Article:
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Why Elgon’s lost rivers need saving

By Andrew Masinde

Added 6th March 2019 09:48 PM

According to the national water policy, Ministry of Water, Lands and Environment 1999, Uganda’s freshwater is a key strategic resource, vital for sustaining life

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According to the national water policy, Ministry of Water, Lands and Environment 1999, Uganda’s freshwater is a key strategic resource, vital for sustaining life

A dry river bed that is left of River Khala

Standing at 6,864 ft, Wanale ridge can be viewed from all corners in Mbale and neighbouring districts. It covers a huge portion of the land surface in Bugisu region.

The ridge has gleaming rocky hills from which various rivers gush out. All the rivers flow downstream until they join River Manafwa. River Manafwa also flows further to River Mpologoma, which drains in Lake Kyoga from the southeast.

All the river basins have for long been of great socialeconomic importance to the population in the region. The rivers are a source of water to surrounding urban areas. A series of water pumping stations have been established along their valleys. The river basins are also a source of raw materials such as reeds and papyrus for making crafts.

Despite their benefits, the rivers are under threat. Poor farming methods leading to soil erosion and other human activities have led to degradation of the rivers. Pollution arising from silting and poor waste disposal is on the increase. On some rivers where water used to be pumped, the operations have stopped because of the decline in volumes.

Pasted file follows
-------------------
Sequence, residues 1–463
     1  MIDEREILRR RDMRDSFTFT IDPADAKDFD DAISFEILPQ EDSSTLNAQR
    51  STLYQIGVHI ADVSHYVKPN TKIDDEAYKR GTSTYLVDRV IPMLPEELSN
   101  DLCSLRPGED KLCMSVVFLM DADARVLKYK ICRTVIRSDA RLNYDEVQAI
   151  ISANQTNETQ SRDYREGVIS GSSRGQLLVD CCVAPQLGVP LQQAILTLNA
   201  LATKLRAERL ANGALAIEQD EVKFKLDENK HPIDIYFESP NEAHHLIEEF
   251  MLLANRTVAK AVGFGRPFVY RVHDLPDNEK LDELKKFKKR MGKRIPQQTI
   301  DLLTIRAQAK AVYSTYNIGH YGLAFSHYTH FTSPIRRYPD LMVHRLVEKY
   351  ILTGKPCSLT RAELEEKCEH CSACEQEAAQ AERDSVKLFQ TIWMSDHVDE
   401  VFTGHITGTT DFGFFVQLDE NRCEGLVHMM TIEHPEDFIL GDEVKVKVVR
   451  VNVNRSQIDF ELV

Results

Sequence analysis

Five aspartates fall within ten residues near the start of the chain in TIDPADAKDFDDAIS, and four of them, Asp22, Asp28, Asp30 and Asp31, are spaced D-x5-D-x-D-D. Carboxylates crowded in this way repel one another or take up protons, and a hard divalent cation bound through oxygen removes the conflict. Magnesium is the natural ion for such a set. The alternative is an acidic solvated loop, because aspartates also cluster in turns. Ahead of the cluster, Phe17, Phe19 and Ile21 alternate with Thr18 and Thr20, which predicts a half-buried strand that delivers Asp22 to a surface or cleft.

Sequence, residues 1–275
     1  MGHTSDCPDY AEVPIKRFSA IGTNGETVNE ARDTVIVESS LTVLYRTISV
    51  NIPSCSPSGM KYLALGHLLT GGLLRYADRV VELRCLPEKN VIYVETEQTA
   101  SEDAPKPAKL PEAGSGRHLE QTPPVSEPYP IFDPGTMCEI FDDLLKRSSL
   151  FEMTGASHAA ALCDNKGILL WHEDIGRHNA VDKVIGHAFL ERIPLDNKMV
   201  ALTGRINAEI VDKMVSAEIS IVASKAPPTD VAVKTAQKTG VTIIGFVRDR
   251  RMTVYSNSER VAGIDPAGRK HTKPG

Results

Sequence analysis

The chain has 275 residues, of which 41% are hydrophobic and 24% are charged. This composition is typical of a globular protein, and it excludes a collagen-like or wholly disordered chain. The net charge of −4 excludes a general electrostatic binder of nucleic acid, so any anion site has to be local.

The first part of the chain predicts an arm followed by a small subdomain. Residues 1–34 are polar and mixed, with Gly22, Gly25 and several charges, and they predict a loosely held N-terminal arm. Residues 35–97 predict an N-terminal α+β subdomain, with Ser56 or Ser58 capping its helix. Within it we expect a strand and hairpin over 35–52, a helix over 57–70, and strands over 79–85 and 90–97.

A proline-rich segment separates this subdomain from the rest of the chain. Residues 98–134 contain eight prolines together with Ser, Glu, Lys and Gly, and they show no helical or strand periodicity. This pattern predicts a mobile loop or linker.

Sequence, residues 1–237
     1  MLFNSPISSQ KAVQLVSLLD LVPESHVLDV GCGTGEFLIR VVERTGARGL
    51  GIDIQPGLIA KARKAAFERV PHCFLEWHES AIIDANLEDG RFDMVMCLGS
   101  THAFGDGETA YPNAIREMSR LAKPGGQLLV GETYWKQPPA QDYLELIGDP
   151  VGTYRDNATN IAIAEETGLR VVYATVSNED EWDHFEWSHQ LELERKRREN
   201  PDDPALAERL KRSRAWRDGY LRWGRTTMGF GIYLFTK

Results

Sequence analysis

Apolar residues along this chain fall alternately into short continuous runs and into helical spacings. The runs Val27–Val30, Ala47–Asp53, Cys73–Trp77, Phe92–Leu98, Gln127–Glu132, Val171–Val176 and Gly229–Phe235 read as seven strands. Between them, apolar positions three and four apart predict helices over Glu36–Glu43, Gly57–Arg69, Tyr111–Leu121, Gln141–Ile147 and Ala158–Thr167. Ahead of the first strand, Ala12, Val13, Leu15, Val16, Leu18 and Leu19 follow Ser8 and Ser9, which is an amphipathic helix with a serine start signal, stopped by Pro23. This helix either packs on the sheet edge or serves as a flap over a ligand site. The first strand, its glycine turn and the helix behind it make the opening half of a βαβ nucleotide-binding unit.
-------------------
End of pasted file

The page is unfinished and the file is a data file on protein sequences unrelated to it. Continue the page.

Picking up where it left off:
A visit to some of the rivers recently, showed serious effects. Nabuyonga and Namatala rivers that flow through Mbale town are almost extinct. Some of the rivers have turned into streams. Residents who used to fetch water from them now trek for miles in search of the resource for domestic use.

In Bududa district, River Manafwa, one of the biggest water bodies from Elgon mountains has had its volumes reduce, leaving gullies and thickets. In other parts, sand mining has become a common activity. Another affected river is Tsume, which according to residents, used to be big, but its water levels have drastically reduced to a stream.

On the river banks, huge drainage channels have been created to divert water to tree nursery beds and gardens. Wamakale, 67, recalls that River Tsume used to make thunderous noise as it snaked through the area. However, today it has gone silent due to the battering from degradation.

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